Sparky grew and kept on growing. He was strong too. He would pull any chain off the post and take off down the street pulling the chain and the post behind him. Neighbors would call and say, “Come get your dog. He is in my back yard.” He had a big personality to go with that big body! Even though we had a big yard, he loved to run and visit the neighborhood, whenever he had the chance!
He loved spaghetti! He would eat it with tomato sauce and get the sauce all over himself! The other people food he went crazy over was pizelles! He would droll when we made them. He was highly excitable, and loved to jump up on folks that he liked by putting his paws on their shoulders and licking their face! If he liked you, he just HAD to show you! When my great-aunt came to visit, he would go nuts over her, crying, yelping and wagging his tail so hard his whole hind end would shake!
Sparky loved the snow, and would stay out until he had ice between his toes. Once, my brother and I built an igloo and he took it as his doghouse and wouldn’t come out. It was the cutest thing! In the summer, he would play with the sprinkler for hours! He didn’t mind being wet! His bark was three “woofs” in a row, a pause, then another “woof.” He would whine a lot too! He loved to be with people. He didn’t like being alone. When my grandfather walked him, he walked very nicely, but when I walked him, he pulled me everywhere! One time he dragged me through three yards chasing after a rabbit! I was a mess!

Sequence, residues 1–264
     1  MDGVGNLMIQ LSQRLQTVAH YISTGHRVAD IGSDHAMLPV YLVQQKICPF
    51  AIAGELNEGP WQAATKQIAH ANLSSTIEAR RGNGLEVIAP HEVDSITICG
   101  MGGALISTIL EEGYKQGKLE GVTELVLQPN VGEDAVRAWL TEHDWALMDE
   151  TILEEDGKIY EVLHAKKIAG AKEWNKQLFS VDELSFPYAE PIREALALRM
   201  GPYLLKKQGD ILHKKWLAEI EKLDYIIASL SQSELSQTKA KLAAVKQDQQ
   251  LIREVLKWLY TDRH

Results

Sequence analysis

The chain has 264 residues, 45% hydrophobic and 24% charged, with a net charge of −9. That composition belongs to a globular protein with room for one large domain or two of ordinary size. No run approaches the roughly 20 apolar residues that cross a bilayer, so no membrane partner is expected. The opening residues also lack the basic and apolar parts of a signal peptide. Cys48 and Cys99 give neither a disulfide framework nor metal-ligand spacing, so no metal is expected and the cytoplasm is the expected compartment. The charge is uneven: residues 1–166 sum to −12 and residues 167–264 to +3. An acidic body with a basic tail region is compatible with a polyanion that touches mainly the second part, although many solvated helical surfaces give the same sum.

Even though we loved him so, my Dad knew something was wrong. Sparky wasn’t a city dog. He was a country dog. He was not meant to be on a leash. For example, we had a pool table in the basement. Sparky would grab the mop and run around and around the table pool herding the mop. This made him very happy. We didn’t understand he needed more than us. But my Dad did, so one day Dad made a decision without us that would change all our lives forever.
Dad would drive on his job to Burgettstown Pa. It was the country and without telling us, he had made arrangements to take Sparky to a sheep farm. Without so much as a good-bye, he loaded him up and took him away. We cried buckets. We were so upset with Dad. How could do this? It was heartbreaking.